Alvaro Cencini, Sergio Rossi

The Monetary Macroeconomics of Crises


7. Capital Accumulation and Economic Crises

In the first section of this chapter we will examine how some of the most renowned economists of the past have explained capital. Undoubtedly, capital is one of the central concepts of economics and yet there is still no consensus among economists on how to define it. The questions raised by Smith (1776/1991) concerning the logical relationship between capital and saving, and between circulating and fixed capital, are no longer on the agenda, and yet they have never been satisfactorily answered. This is even more so with regard to the relationship between capital and economic value. Well-known economists of the past such as Ricardo, Marx, Walras, Böhm-Bawerk, and Keynes have addressed this question and, with the notable exception of Walras, have reached the conclusion that capital cannot be considered as a direct source of economic value. However, none of them denies the impact capital has on prices, and it is since Ricardo’s (1817/1951) Principles that economists are aware that a satisfactory theory of value must account for the presence of capital. In particular, both Ricardo and Böhm-Bawerk (1889/1959) emphasize the role played by time in enabling capital to be an indirect source of economic value. Keynes’s analysis of capital is another important contribution to a correct understanding of this concept and encapsulates all the deepest insights of his predecessors concerning the role of saving and time. By introducing these elements into a theoretical framework where the presence of money and banks is essential, Keynes opens the way to the modern macroeconomic analysis of capital and to Schmitt’s (1984a) quantum macroeconomic approach.
Alvaro Cencini, Sergio Rossi

8. Interest, Rate of Interest, and Crises

Interest and capital are two closely related topics that have been widely discussed by economists. Although in today’s economic literature interest is mostly identified with contract-interest on loans and its rate with the market rate of interest, the problem of its origin has still to be satisfactory solved. Economists of the past struggled to argue the existence of an original interest enabling that of the interest on loans, where the latter is essentially nothing but the effect of the former. They all agreed that capital is at the origin of interest, yet they disagreed about the kind of causal link that exists between these two concepts. Is capital a direct or an indirect cause of interest? The question whether or not capital is a macroeconomic factor of production is still open today and, despite appearances to the contrary, still a subject of controversy. Indeed it is only thanks to Schmitt’s quantum macroeconomic analysis that a final answer is possible, the payment of human labour being the only transaction capable of transforming money into income.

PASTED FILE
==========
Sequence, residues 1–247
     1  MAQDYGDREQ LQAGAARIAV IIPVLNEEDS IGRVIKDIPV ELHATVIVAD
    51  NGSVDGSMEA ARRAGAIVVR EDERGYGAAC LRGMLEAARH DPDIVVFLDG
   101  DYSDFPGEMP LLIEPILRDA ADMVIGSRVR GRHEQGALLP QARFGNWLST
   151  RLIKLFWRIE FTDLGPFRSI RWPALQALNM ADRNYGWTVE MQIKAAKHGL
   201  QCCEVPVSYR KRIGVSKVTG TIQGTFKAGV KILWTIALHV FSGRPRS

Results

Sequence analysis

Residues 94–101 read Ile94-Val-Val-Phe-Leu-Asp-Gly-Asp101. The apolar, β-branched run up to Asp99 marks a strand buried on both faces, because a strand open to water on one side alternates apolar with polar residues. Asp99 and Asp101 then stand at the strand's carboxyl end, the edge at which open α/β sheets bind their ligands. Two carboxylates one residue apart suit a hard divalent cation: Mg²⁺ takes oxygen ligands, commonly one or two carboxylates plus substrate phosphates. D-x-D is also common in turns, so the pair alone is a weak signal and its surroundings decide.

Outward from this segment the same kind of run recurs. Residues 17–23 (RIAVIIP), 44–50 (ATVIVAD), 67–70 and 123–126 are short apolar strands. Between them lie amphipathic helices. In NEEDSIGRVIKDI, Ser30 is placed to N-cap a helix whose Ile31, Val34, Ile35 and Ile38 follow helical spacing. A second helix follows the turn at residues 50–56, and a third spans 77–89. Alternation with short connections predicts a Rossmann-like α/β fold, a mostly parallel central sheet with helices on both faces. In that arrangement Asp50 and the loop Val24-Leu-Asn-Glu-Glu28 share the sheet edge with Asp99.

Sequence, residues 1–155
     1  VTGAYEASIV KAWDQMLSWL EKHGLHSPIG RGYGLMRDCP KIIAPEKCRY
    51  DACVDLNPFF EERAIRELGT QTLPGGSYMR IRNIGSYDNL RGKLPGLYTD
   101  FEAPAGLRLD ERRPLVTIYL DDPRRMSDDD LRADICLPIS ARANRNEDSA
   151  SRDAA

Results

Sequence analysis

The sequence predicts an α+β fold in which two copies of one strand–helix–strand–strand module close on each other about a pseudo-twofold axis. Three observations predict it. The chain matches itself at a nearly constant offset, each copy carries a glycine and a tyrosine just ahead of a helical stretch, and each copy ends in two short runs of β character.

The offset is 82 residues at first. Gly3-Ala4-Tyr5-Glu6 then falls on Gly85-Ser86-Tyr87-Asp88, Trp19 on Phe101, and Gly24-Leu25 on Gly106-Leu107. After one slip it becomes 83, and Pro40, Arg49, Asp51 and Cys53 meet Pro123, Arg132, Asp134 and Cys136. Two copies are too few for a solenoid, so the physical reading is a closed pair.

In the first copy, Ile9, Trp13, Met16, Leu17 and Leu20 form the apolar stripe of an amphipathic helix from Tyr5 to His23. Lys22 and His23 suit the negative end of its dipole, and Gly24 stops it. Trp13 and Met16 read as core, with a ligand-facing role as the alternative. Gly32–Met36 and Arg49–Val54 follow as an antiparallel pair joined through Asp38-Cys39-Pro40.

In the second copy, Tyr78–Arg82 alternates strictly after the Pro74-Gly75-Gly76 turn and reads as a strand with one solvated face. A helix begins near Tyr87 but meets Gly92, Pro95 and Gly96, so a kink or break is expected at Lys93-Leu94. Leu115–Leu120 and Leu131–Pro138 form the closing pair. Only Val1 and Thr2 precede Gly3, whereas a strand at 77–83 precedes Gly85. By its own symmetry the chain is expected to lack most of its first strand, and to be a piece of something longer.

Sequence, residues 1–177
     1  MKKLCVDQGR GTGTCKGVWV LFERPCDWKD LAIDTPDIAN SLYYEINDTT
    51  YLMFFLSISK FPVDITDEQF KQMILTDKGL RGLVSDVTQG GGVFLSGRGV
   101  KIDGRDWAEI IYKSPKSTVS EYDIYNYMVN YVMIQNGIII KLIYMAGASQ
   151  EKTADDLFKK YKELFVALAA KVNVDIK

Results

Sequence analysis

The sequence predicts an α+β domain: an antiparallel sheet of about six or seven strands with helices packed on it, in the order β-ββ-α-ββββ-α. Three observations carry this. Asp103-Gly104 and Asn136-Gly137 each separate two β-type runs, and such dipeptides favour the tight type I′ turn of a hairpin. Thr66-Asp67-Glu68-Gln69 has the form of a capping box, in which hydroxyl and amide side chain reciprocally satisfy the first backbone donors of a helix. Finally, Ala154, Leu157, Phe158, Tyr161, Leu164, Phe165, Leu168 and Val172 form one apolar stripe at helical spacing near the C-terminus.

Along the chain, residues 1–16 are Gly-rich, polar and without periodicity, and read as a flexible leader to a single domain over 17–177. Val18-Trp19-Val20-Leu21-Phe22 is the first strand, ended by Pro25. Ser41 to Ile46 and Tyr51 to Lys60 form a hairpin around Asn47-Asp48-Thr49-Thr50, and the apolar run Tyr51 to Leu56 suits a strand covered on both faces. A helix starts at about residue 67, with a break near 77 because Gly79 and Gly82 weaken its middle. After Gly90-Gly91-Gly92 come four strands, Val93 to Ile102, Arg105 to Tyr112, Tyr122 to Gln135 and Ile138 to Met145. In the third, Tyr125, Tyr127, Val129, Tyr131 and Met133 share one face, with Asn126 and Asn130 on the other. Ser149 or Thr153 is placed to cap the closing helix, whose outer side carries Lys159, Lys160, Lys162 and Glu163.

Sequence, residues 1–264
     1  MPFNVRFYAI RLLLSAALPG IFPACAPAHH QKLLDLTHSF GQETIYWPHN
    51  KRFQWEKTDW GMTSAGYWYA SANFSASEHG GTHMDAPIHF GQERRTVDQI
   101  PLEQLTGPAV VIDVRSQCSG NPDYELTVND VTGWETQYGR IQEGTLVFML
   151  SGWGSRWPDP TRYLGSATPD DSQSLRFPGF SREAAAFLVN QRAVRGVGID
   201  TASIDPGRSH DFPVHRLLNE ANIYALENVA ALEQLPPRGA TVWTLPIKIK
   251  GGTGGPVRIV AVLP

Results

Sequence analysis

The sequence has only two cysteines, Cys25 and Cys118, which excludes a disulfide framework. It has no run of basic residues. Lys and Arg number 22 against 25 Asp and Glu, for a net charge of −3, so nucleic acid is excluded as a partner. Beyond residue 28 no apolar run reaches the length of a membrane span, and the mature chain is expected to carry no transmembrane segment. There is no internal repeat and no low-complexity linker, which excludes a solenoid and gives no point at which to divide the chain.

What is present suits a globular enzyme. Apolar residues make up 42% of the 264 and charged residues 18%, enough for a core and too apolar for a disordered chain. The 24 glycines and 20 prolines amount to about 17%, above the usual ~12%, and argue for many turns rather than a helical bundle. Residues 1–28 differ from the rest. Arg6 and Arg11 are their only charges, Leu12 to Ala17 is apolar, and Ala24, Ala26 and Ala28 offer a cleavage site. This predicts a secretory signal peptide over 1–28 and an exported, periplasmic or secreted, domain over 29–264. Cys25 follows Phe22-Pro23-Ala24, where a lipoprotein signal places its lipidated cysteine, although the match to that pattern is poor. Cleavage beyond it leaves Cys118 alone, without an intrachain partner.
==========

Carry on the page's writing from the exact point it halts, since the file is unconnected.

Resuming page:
Alvaro Cencini, Sergio Rossi

9. The International Dimension of Financial Crises

Is the present system of international payments an orderly one? And if not, why and what are the consequences? These are the questions asked in this chapter, which is devoted to the analysis of international transactions and their impact on financial crises. The inconsistency between the way money should be used in transnational payments and how payments are actually carried out between nations is not difficult to discern or detect: what should be a mere numerical means of payment becomes an asset that is exchanged against other assets. Yet money does not change its nature when it is used internationally, which is why transnational payments that do not comply with the vehicular nature of money are hopelessly pathological and the source of monetary disorder that feeds speculation and propels financial crises.
Alvaro Cencini, Sergio Rossi

10. Reforming Domestic Payment Systems